Clint Bolick and Laura Underkuffler tackle debate over school vouchers

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Bolick and Underkuffler
Clint Bolick, left, and Professor Laura Underkuffler debate the use of school vouchers

Clint Bolick, founder of the Institute for Justice, a libertarian public interest law firm based in Washington, D.C., tried to convince students in a March 5 debate at Duke Law School that allowing families to use vouchers — public money to pay for private schools, including schools affiliated with religions — would lead to vastly improved education for the children affected and spur improvements at failing public schools.

But his debating opponent, Duke Law Professor Laura Underkuffler, herself an expert in the area of school choice, took the stance that allowing public money to fund religious schools would undermine generations of court-enforced separation of church and state and ultimately might curtail long-cherished religious freedoms.

For the past 12 years, Bolick has led the nationwide effort to defend school voucher programs, with victories in the Wisconsin, Ohio, and Arizona Supreme Courts and culminating in Zelman v. Simmons-Harris in the U.S. Supreme Court last year. He noted that many of the communities to adopt voucher programs had little to lose. In Milwaukee, for example, only about 15 percent of children from poor families were graduating from high school on time in the late 1980s and early 1990s.

For many children in that school system, public education “was a recipe…for perpetual poverty and despair,” he said.

Despite legal challenges, a program eventually was created for 1,000 children whose families could use some public money to attend private schools. As a result, he said, their graduation rates and general school performance improved. The public school system implemented a variety of its own improvements as a result of the voucher program and the competition it spurred, he added, such as closing failing schools, giving principals more authority to make changes and increasing tutoring for children with greater needs.

Clint BolickBolick also said the U.S. Constitution’s First Amendment Establishment Clause says nothing about public funding of religious schools and that the experiences of most communities that allow vouchers to pay for children to attend such schools have been positive. There simply aren’t enough seats available in high-performing public schools in many districts across the country to accommodate all children, he added.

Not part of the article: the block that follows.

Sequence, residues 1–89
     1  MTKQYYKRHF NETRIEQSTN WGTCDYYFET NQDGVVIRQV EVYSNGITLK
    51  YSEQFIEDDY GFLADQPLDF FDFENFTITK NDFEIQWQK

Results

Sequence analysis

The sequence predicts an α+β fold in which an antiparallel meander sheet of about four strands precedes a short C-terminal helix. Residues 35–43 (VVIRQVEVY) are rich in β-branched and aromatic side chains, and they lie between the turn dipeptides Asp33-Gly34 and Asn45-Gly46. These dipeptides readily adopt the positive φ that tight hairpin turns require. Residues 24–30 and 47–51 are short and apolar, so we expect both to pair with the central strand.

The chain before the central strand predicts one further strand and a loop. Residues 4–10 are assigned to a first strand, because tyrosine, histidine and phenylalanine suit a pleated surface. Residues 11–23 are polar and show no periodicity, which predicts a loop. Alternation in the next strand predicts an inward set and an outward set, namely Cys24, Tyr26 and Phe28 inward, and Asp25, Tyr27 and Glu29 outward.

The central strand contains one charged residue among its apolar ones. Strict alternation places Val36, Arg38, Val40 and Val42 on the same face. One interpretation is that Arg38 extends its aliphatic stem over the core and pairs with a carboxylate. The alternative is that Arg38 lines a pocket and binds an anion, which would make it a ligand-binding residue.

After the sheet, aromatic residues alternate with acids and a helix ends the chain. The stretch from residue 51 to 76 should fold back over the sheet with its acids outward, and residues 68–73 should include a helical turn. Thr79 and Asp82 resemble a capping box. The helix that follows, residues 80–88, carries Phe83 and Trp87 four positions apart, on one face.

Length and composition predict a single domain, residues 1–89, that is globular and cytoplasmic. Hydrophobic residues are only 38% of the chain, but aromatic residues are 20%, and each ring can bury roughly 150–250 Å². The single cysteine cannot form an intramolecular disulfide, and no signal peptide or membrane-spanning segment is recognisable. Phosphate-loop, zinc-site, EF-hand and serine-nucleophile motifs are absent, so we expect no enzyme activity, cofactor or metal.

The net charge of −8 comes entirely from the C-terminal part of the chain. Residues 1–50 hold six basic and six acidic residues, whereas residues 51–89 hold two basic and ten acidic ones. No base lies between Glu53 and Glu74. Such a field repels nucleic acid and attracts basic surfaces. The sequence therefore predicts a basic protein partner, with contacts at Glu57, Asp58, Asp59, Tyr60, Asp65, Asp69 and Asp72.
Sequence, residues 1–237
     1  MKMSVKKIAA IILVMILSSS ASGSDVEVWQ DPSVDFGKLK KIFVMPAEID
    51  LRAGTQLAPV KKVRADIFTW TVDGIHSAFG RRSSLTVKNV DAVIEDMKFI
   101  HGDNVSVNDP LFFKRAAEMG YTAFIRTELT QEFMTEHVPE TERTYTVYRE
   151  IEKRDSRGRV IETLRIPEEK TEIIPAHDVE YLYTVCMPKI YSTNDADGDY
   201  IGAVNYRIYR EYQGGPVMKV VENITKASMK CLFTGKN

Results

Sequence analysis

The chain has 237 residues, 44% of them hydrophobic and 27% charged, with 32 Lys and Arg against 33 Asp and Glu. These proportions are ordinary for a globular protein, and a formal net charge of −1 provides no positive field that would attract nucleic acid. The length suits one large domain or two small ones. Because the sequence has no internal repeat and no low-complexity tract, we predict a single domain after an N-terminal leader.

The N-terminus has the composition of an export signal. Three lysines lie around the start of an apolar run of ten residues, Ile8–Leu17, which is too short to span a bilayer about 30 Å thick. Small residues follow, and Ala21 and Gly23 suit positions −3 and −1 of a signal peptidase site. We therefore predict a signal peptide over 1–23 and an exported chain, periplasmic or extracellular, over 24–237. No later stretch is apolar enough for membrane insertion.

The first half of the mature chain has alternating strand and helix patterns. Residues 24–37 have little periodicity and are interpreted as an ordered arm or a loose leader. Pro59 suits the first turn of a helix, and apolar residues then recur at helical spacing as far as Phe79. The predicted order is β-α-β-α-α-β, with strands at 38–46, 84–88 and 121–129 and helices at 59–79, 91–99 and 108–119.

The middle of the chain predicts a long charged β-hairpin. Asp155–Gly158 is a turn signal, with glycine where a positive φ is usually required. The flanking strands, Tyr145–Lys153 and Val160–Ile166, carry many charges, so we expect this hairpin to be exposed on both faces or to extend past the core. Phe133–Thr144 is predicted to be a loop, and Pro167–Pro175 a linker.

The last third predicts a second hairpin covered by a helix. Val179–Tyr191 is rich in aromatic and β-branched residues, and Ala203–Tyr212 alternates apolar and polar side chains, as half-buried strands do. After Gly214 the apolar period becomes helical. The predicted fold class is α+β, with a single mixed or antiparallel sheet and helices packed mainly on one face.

Underkuffler, who once taught in a Catholic elementary school in a poor neighborhood of Chicago, agreed that school choice is important to educational improvement and that religion holds an important place in public life. However, she sharply differed with Bolick on the issue of vouchers for religiously oriented schools. In her view, citizens should not be forced to fund religions or religious institutions whose teachings they oppose.

Just such problems are arising in Europe, which has a longer history with state funding for religious schools than does the United States. Faced with increasing religious diversity, she said, communities have found themselves confronted with demands for taxpayer funding of schools whose teachings they find divisive or disturbing. With vouchers, she said, children in this country could be sent to schools that teach racial supremacy, hatred of some religions, or gender inequality — all on the public dime.

“In the U.S. we are hurtling down this road,” she said. “In the UK and Europe, they are desperately trying to find a way to back out of funding for religious schools.”

Underkuffler also said that proponents of vouchers for religious schools argue that religious institutions should be treated equally with any other non-profit organizations. That, she said, is a huge mistake that could detract from the protections that religious organizations and individuals now enjoy from government, such as freedom from taxation and religious exemptions from many laws. “How can religion be the same, and yet entitled to special protection from the Constitution?” she asked. “Religious institutions and individuals must consider what they will lose if we march down this path.”

Bolick, whose firm continues to push for voucher programs across the country, countered that college students are able to use government grants to attend religious colleges and that situation has not led to widespread community discontent or an undermining of religion. “Here we’re simply saying that all students are entitled to this and that where they choose to use the money is their own business.”

Underkuffler noted that elementary and secondary schools are very different from colleges because the state mandates attendance there — not so with colleges and universities.

The event was sponsored by the Duke Law Federalist Society.